Let’s face it; if you have a business, marketing is an essential component for success. Whether you are selling a service or a product, you need to tell people about it. That’s where the use of good marketing tools plays a huge role.
The first step is to identify who you’ll want to sell to. Knowing your demographic is a key ingredient in deciding what you need to reach them. Often times, entrepreneurs know their product backwards and forwards, but have very little knowledge on how to sell it. We’ve had clients come to us and say “we need a brochure,” but don’t have a clue on what they will be doing with it.
When we meet with our clients for the first time, we ask a series of specific questions such as:
- What is it you want to achieve?
- Who is your target market?
- Where do you want to concentrate your marketing efforts?
- What sets your product or service apart from your competitors?
Getting the answers to these very basic questions can help define what the ultimate goal will become and to create a plan to reach it.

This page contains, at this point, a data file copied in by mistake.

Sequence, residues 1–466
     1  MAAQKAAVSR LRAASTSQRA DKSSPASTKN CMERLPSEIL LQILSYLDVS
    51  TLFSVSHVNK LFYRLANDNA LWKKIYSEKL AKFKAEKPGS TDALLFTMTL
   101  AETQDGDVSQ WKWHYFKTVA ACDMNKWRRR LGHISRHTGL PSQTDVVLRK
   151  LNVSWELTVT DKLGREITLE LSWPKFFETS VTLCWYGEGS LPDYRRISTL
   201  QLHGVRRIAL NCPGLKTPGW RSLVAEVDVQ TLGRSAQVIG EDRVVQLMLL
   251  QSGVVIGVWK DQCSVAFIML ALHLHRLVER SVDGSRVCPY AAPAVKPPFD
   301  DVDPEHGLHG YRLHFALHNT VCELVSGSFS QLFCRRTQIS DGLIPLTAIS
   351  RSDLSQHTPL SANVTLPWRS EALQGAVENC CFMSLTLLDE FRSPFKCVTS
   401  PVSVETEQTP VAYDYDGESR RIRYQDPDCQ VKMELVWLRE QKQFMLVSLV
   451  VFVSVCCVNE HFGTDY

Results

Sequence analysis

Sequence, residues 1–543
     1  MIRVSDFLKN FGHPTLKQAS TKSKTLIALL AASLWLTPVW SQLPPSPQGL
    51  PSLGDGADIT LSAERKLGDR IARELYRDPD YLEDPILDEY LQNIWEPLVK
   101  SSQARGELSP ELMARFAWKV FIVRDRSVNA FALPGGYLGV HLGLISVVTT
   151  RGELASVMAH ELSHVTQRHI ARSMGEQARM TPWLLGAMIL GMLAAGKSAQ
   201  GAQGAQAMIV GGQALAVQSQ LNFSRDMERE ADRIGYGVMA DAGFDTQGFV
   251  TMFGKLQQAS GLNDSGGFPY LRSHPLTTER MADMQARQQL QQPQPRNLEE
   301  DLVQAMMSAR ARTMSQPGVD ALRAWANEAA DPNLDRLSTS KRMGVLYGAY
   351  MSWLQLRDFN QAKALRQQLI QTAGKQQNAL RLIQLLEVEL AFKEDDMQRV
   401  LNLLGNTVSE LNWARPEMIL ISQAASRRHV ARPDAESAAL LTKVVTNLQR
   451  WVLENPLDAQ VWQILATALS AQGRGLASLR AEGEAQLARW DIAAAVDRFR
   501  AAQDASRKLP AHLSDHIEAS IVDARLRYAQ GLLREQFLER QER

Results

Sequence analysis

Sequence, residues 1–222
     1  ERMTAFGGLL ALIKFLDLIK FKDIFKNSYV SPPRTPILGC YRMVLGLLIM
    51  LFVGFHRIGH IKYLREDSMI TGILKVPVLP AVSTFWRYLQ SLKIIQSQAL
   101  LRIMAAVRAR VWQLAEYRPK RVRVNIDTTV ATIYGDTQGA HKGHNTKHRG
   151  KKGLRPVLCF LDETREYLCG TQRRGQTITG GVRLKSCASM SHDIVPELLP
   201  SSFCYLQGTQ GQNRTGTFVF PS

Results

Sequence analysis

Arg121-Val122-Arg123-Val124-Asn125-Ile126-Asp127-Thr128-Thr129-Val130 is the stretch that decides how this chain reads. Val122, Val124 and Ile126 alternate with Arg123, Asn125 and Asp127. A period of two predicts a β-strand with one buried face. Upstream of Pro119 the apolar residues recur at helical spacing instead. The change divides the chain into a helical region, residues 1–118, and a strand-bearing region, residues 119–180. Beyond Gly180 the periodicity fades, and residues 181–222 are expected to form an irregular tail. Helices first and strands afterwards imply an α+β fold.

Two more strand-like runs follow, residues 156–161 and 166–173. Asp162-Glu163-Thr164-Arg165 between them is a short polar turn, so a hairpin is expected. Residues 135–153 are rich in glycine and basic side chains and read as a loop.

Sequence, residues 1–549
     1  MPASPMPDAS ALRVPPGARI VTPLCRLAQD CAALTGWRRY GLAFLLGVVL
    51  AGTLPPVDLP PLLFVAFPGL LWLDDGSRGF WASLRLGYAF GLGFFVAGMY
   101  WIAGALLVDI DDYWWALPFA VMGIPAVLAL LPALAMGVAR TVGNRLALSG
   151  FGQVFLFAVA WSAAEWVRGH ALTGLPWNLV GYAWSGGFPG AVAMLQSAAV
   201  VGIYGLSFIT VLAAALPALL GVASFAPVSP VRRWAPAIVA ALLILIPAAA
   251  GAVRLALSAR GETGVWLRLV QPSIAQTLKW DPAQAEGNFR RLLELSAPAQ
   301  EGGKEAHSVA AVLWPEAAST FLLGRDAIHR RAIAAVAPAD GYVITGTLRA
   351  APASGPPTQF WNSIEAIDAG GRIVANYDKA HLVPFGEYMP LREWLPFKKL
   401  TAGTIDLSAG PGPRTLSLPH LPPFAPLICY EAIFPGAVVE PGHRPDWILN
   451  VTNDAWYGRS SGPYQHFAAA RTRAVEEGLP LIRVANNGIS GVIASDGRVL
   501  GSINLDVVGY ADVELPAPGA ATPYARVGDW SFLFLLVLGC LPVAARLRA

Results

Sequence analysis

In today’s economy, it is imperative to have an online presence. When someone is ready to buy, they usually start by firing up their computer (or phone) and use one of the many search engines to locate what they are looking for. Your business should be there… ready to be found.
However, having a great website is only the tip of the iceberg. You can have the greatest product ever invented for mankind, but if no one knows about it, well then it’s not so great. You have to tell people about it. You need to tell your story. The right mix of media can help do that.
There are endless methods of reaching your target market. From something as simple as a direct mail postcard to elaborate and creative, out-of-the-box ideas to draw attention to yourself.
Its been said that whatever you do, do it to the best of your ability. Concentrate on what you do best. That’s where many folks fail. They’ll try and do their own marketing with very little knowledge of how to do marketing. And this can be discouraging when the results don’t match their expectations.
Personally, I leave the things that I do not do well or have little knowledge of to those that do. Yes, it does take money to do that, but the results are often far better than spending my time and resources doing them myself.
Getting a firm grasp on what you’ll need to sell your services and products sometimes takes an objective view from those who can help. Setting a few goals to reach and concentrating those can be the catalyst for a successful campaign and to grow your business.
Rod Roberts is president and creative director of Thunderstruck Design, Champaign, Illinois